By Eleni P. Austin

                There’s earbud music and there’s headphone music. The former you hear, the latter you listen to. Fernando Perdomo makes headphone music. The singer-songwriter, producer and multi-instrumentalist is something of a musical Mad Hatter. Born and raised in Miami, Florida, he became obsessed with music as a kid.

Fernando fed his addiction by scouring thrift shops and flea markets in search of vinyl. Something of an auto-didact, he received formal training at at Miami Senior High School where he was a part of the prestigious Classical Guitar Ensemble and Rock Ensemble. It was there he made life-long friendships with like-minded musicians, Roger Houdaille and Chris Price.

                In 1999, at the tender age of 19, his prodigious guitar skills could be heard in nationwide ad for Pier One Imports. Following stints in bands like Avenging Lawnmowers of Justice, Sixo, Trophy Wife and Dreaming In Stereo, he became an in-demand studio and touring musician. He traveled the world playing with well-known musicians like Ed Hale, Hilary McCrae and Andy Pratt.


                13 years later he relocated to Los Angeles, released a solo EP and opened his own recording facility, Reseda Ranch Studios. Reconnecting with Chris Price, their first project was producing Linda Perhacs long-awaited follow-up to her 1970 debut. The Soul Of All Natural Things arrived 44 years after her first album, receiving rapturous reviews.

                Fernando quickly made a name for himself working with artists like Jakob Dylan and Fiona Apple and legends like Todd Rundgren and Sam (as in Sam & Dave) Moore, as well as reclusive genius Emitt Rhodes and Power Pop/Glam Goddess Cait Brennan. Still, he made time for his own music, full-length albums like Picks, Warm and Voyeurs, plus myriad EPs and singles. His watershed record, The Golden Hour arrived in 2017. He indulged his jones for Prog-Rock by releasing his instrumental opus, Out To Sea earlier this year.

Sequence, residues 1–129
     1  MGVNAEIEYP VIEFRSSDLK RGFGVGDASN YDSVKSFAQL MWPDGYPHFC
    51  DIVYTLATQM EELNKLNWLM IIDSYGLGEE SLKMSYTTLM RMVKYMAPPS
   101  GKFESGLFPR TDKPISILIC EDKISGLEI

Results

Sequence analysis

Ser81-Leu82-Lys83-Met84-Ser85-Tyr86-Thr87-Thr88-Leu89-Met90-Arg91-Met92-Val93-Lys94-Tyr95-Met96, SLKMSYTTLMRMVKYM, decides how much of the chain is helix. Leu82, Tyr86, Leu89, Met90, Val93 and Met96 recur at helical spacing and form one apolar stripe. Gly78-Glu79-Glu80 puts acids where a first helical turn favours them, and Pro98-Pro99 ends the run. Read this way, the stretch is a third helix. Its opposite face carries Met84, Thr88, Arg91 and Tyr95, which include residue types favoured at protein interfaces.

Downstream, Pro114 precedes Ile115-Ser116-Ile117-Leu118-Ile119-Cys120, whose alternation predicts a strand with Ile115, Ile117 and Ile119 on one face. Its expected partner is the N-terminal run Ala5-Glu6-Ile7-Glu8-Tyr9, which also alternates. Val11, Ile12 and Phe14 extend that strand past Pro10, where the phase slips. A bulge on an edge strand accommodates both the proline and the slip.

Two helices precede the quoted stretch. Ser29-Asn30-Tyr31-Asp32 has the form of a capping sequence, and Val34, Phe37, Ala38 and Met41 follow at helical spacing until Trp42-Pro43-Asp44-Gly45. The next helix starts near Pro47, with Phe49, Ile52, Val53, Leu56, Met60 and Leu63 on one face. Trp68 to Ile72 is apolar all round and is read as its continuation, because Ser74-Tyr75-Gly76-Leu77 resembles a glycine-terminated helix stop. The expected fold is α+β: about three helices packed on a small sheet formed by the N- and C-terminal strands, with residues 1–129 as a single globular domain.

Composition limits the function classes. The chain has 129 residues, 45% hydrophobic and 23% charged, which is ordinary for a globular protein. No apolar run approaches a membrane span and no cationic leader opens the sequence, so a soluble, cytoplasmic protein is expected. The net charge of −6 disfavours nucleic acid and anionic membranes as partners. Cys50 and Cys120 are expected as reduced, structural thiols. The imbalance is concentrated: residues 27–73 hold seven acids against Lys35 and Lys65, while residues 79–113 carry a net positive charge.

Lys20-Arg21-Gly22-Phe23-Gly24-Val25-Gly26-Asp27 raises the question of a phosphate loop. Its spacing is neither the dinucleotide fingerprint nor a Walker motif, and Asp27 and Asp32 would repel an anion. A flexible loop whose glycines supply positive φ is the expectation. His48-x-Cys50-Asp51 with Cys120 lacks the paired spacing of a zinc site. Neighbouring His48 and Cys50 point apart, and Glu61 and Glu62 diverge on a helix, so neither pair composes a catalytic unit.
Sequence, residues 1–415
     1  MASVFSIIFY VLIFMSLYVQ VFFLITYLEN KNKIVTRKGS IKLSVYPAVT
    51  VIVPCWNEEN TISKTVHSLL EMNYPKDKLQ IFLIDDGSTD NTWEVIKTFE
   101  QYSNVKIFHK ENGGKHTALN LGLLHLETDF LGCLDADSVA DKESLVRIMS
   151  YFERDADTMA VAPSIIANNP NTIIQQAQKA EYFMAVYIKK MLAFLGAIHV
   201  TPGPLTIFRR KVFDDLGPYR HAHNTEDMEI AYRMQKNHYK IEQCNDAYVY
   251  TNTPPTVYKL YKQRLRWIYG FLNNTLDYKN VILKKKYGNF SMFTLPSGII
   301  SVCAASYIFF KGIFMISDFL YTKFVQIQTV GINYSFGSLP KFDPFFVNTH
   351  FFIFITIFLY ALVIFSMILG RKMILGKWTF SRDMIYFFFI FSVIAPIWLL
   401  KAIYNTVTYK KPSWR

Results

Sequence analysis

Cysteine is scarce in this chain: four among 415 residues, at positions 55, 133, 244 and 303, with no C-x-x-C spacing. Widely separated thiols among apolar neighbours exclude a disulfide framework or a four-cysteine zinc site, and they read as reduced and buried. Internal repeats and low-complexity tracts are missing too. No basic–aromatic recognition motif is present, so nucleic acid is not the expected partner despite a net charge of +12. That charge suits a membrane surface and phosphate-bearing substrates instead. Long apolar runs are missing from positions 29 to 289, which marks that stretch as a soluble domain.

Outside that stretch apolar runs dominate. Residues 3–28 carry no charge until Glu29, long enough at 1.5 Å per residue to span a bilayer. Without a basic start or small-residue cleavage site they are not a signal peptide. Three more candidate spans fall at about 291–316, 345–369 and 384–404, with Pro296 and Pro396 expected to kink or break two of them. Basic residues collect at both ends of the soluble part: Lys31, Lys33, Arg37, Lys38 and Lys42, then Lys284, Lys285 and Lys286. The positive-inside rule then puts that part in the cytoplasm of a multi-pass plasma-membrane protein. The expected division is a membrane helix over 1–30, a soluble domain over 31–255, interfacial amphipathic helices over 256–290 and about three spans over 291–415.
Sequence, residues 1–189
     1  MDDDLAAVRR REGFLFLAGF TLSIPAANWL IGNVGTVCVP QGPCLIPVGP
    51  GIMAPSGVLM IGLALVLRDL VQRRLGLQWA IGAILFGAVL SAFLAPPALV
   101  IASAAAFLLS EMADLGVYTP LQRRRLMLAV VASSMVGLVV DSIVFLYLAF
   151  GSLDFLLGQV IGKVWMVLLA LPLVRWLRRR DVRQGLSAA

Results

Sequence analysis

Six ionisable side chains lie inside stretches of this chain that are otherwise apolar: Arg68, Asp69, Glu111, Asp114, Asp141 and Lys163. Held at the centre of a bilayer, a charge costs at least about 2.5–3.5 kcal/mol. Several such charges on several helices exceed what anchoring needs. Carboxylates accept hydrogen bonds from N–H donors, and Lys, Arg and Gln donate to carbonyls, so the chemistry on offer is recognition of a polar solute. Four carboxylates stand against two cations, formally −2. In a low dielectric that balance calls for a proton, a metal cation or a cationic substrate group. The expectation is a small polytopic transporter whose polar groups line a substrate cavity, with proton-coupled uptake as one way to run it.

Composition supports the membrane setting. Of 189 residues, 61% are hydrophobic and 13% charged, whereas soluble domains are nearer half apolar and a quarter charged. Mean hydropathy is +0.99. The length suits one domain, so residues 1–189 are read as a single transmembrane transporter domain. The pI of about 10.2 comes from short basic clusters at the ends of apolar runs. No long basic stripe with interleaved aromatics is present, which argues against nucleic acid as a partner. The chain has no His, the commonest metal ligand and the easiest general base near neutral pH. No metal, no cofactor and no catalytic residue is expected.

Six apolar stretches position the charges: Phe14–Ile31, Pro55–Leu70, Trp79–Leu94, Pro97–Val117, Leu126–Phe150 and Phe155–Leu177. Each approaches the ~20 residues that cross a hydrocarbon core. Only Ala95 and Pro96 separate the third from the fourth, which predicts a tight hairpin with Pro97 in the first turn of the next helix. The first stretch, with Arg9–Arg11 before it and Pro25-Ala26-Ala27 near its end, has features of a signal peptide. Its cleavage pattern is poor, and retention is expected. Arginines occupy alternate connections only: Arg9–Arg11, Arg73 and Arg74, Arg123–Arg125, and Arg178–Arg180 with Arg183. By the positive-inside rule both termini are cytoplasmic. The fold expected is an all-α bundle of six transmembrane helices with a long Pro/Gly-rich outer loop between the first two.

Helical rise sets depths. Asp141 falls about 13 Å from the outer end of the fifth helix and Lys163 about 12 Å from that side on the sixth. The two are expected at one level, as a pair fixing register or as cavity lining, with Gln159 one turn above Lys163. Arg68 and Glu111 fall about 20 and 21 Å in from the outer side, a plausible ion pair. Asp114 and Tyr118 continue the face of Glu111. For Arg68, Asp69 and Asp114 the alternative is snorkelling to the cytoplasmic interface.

Recently he was given the opportunity to record at the legendary Abbey Road studios, and the result is his fifth long-player, Zebra Crossing. The record kicks into gear with the symphonic soundscape “I’m Here.” Violin and cello gather with a cumulus synchronicity, suddenly the clouds part and sunny guitar notes wash over a heartfelt declaration of love; “I’m here, won’t you open up the door, there’s so much we can explore.” It sets the tone for this majestic yet contemplative album.

                Although Fernando made his reputation as something of a one-man musical army, he gets some able assists on this 12 song set. Two songs were co-written by Zak Nilsson, son of Harry and a talented musician in his own right. “Somehow” feels simultaneously lush and lonely. Spatial strings connect with wistful keys and plaintive vocals. The lyrics paint vivid picture of a cynic surrendering to love; “The efforts I’ve made, the loneliness bill that I’ve paid, day after day year after year/There was a time I thought love was a crime, fantasy nonsense written by fools.”

                “Crown Of Stars” is a courtly waltz that shares some musical DNA with Jim Croce’s “Time In A Bottle.” It is powered by piquant guitar riffs, sparkly Mellotron and twinkly piano. The lyrics clearly speak to the loss of a parent; “Taking life day by day, watching you steadily fade away/You were brave….we fought back, knowing that nothing we fought for would last.” The grief and heartbreak is palpable. Zak provides sympathetic backing vocals.

                Two tracks, “Sometimes I Feel Like Nothing At All” and “Smile” have a sun-kissed California flavor that recalls “Pet Sounds” era Beach Boys. Fittingly, the former was co-written with Steven Kalinich, a Peaceful poet and late ‘60s collaborator with Hawthorne’s favorite sons.